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   Re: Gutenberg Project <longish>

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  • From: "Sebastian Rahtz" <sebastian.rahtz@computing-services.oxford.ac.uk>
  • To: xml-dev@xml.org
  • Date: Sun, 12 Mar 2000 19:56:07 +0000 (GMT)

Frank Boumphrey writes:

 > Writing a new DTD is (should be) very little different from any other
 > research activity.  There is always the temptation to follow established
 > guidelines, but such a process will only propagate any faults in the
 > existing corpus of work. (If any exist). Researchers should be familiar with
 > previous work, but should not let that work inform the detail of their new
 > efforts.

What is the first thing we get a research student to do?  We tell them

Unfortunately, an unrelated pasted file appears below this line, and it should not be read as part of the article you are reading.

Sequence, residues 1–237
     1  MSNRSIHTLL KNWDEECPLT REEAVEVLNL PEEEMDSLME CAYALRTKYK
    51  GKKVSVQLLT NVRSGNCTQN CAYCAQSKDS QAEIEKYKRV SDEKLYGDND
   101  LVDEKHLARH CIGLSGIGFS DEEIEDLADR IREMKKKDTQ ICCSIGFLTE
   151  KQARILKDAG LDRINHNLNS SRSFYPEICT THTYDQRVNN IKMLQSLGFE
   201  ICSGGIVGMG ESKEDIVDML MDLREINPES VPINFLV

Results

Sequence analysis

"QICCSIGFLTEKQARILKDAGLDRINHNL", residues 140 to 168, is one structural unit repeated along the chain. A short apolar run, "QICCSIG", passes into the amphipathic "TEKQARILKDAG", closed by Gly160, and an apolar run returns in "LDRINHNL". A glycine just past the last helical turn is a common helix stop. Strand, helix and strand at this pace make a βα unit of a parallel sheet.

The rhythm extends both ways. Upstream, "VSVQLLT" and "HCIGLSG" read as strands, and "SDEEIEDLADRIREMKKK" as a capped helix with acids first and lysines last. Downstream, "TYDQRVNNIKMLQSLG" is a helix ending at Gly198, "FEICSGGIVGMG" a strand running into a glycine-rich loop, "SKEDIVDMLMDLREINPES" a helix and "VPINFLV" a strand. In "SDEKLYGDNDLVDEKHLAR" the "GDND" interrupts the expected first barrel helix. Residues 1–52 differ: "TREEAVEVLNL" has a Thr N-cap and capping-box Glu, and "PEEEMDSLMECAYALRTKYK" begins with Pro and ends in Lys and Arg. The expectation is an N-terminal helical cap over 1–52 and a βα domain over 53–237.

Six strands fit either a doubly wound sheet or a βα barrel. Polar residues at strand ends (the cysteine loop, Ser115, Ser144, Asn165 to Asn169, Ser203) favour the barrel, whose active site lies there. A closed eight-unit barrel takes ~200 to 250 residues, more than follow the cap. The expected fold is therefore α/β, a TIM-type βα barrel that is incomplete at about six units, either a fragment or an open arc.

to do a literature search, and prove that their proposed subject is
indeed new, and important. If you find the subject is already covered, 
you find a new research project

 > To take an innovative approach it is necessary to take a fresh look at the
 > base material.

yes. but where is the justification for an "innovative approach"? what 
is _innovative_ about Gutenberg?

 >   1.  Write a set of requirements for a DTD
 >   2.  Investigate possible component sets for the material in question.
 >   3.  Model a provisional DTD
 >   4.  Compare the provisional DTD with established DTD's
 >   5.  As far as possible reconcile the new DTD with the established DTD's

I think you forgot 

   1 (a). If these requirements exactly match the description of an
          existing DTD, use it....


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